More than 6000 delegates in the population development sector have gathered in the Kenyan capital Nairobi to renew the promise made to girls and women 25 years ago in Cairo, Egypt.
Young girls from various African countries firmly called on them to ensure that they have access to sexual reproductive health rights, justice and equality.
“I want to be educated about sexual and reproductive rights,” said one of the girls to the applause of the packed conference room at the Kenyatta International Convention Centre.
Twenty-five years ago in the Egyptian capital, there were ‘commitments’ to create equality for all by placing women at the centre of global development strategies.
South Africa’s Minister in the Presidency, Jackson Mthembu said: “The Summit under the theme: ‘Accelerating the Promise,’ seeks to galvanise change and mobilise both political will and financial commitment to push forward the unfinished business of the ICPD Programme of Action, as well as build momentum for the implementation of the 2030 Agenda.”
A quarter century later, and in commemorating the 25th anniversary of the International Conference on Population Development (ICPD25), delegates from 179 countries are renewing the Cairo Promise in light of the fact that the 1994 vision is far from being a reality.
Delegates at the Nairobi Summit are focusing on the following key areas:
– Universal access to sexual and reproductive health and rights as a part
of universal health coverage.
– Financing required to complete the ICPD Programme of Action and to
sustain the gains made.
– Drawing on demographic diversity to drive economic growth and
achieve sustainable development.
– Ending gender-based violence and harmful practices.
– Upholding the right to sexual and reproductive healthcare even in
humanitarian and fragile contexts.
Natalia Kanem, Executive Director of the United Nations Population Fund (UNFPA) told delegates that notwithstanding the long journey ahead, progress has been made in the last 25 years.
“Maternal mortality is down 44 percent, worldwide,” said Kanem, adding: “This means four million women who would have otherwise died while pregnant, or at childbirth, are alive today.”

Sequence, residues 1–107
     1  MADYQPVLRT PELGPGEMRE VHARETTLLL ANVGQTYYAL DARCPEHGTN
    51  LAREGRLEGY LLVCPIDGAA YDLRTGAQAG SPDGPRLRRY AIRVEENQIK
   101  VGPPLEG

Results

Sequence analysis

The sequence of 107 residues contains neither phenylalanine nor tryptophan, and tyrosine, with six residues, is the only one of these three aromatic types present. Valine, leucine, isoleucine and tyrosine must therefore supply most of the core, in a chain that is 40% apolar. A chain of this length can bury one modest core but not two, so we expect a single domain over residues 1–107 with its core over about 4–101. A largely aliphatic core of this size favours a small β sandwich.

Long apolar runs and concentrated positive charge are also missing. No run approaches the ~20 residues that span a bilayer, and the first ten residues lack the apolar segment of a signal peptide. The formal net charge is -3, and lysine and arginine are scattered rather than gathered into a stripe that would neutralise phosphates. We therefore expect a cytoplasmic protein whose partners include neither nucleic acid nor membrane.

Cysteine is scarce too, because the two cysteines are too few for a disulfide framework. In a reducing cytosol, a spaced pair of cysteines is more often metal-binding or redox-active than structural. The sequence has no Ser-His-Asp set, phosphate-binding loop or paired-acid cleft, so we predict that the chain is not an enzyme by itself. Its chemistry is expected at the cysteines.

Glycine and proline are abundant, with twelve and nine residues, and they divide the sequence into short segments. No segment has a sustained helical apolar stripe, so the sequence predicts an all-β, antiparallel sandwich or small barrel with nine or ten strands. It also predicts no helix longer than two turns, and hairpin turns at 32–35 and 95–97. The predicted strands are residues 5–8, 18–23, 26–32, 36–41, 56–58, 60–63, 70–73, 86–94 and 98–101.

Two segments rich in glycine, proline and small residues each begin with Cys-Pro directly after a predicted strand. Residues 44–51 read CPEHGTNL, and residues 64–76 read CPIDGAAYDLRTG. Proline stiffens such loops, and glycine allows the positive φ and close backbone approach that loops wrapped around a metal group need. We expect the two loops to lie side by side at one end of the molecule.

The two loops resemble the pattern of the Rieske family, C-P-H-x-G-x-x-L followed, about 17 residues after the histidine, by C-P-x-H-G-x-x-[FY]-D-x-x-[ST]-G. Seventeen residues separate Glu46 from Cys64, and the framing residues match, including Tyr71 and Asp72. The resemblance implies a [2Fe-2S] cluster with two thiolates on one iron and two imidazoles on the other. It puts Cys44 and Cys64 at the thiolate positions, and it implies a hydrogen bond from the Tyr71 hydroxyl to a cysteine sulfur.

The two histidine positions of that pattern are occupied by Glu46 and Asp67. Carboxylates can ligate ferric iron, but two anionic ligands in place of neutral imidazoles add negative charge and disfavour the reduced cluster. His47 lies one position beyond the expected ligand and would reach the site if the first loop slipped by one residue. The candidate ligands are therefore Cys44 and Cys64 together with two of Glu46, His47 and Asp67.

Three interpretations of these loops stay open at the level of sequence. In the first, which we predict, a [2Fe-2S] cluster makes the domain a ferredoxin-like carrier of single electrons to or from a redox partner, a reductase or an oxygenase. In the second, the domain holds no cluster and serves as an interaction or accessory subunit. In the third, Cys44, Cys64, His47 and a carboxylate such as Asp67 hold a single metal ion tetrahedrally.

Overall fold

While she noted that there was a good reason to celebrate, she, however, noted that “good progress is not good enough,” insisting that the promises made to girls, women and everyone should be kept.
Driving home her point, Kanem said within the short space of time that she stood at the podium, at least 46 under-age girls were forced into marriage, and a countless number of girls had been been sexually abused, hurt and traumatised.
“The victims and survivors are most likely to be shamed and blamed than the perpetrators who violated them,” Kanem said.
“To the youth, you’re inspiring in pushing us to go further. Thank you,” she said.
Kenyan President Uhuru Kenyatta reminded delegates that there were ‘absent participants’ from the Nairobi Summit.
Kenyatta was making reference to the “800 women and girls who die every day during pregnancy or childbirth, the four million girls who are forced to undergo Female Genital Mutilation (FGM), the more than 33 000 girls married every day before the age of 18 and millions of unemployed youths with limited hope for a better future.”
The Kenyan president urged delegates to let their deliberations “be guided by the needs, the aspirations and the unrealised potential of those individuals who are not present here.”
While acknowledging that priority actions will differ from country to country depending on their development needs, Kenyatta urged states to “at least commit to increasing secondary and tertiary education for both boys and girls.”
He also implored countries to strive to reduce maternal deaths and to eliminate incidents of FGM.
UN Deputy Secretary-General, Amina Mohammed, called for the youth’s involvement in decision-making.
“Millions of women and girls are still waiting for promises to be met, they’ve been waiting for a long time,” she said.
Denmark’s Minister for Development Cooperation Rasmus Prehn said women and girls are at the heart of sustainable development.
He called upon delegates to maximise their effort in this endeavour, adding that he was looking forward to ICPD30 only if it is about celebrating success. “Women and girls are the true owners of their bodies,” he said.
Additional reporting by Global Issues.org